Christmas and New Year 2006/7
Developments in the house
There had been some improvements in the house. First of all,
the builders had cleared the chimney
The flames work well even when you leave them alone
The builders had also finished the garage, here from the back
And here is the brand new electric door
And here is the swimming pool in its winter suit
We had two lunches in Asti, both notable for the quality of the
Piedmontese antipasti. Here are the New Year group on the way
from the station to MHasta
As a bonus, we finally got to visit the beautiful baptistry in the San
Pietro complex, which has been in ristauro almost as long as our house.
The walls are adorned with tombstones of notable clerics, such as
There was also a 12th Century tombstone
We also went to Acqui to see the remains of the Roman aquaduct (I was
driving, so no chance of a photo, but you can find one here)
There are still hot springs
and a cathedral dedicated to St Gui.
The first builder was perhaps the Guy in question
as the inscription names Wido as the builder. The cathedral is
lamentably baroque, but contains both a decent mediaeval crypt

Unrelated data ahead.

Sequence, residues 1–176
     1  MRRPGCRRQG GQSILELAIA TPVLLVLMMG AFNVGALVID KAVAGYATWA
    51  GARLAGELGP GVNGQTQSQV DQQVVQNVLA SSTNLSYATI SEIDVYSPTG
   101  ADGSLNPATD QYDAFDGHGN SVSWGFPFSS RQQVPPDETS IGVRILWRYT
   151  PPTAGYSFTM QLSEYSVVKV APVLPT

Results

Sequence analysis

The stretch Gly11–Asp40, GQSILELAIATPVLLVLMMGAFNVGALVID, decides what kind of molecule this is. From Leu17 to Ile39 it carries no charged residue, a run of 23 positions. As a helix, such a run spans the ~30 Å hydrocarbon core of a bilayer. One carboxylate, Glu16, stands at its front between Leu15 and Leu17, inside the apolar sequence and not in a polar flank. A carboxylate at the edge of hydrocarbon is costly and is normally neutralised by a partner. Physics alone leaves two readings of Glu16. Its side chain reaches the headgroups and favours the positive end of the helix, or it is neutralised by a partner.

And a rather beautiful 15th Century Madonna of Monserrat
We revisited Alba to relive one of Anne and Roger's memorable lunches,
and to see the villages of La Morra and Barolo.
Amusingly, we (inevitably) found a market on this Christmas Eve sunday,
where I bought three bottles of Dolcetto from a producer who turns out
to be a neighbour.
Here we are at Lamorra, where it was getting dark, and we couldn't find
a degustatione open
Looking across to Grinzano
Although it was really too dark for photos by the time we got to
Barolo, at least we found someone to sell us a dozen of Barbera, as
well as a couple of bottles of the expensive stuff.
We took the New Year team to Turin to see the Egytpology museum.
The statues are still staggering the second time around
Maybe this one inside was only 12 feet tall?
Only six feet tall, but much wider
Lastly, pure basalt, and a good 8 feet tall
On a smaller scale, here was a rather decent box in the section on the development of writing and painting
Turin, of course, has more to see than just the Egyptians to celebrate.
Some of the palaces could have given the architects of Keble the
idea of "doing" a style in brick. Here si the Palazzo Carignano,
with Guarini showing his imagination in red brick.
Victorio Emmanuele II was born in this building, which at first made us
think it could be a hospital. More classically here is the
And the Piazza Castello as dusk fell.
Turin rather easily won the Christmas Decoration stakes
Here is the panorama we took on the way to Acqui
Yes, those really are the Alps you can see in the distance. Here they are (in zoom) from the church terrace in Bruno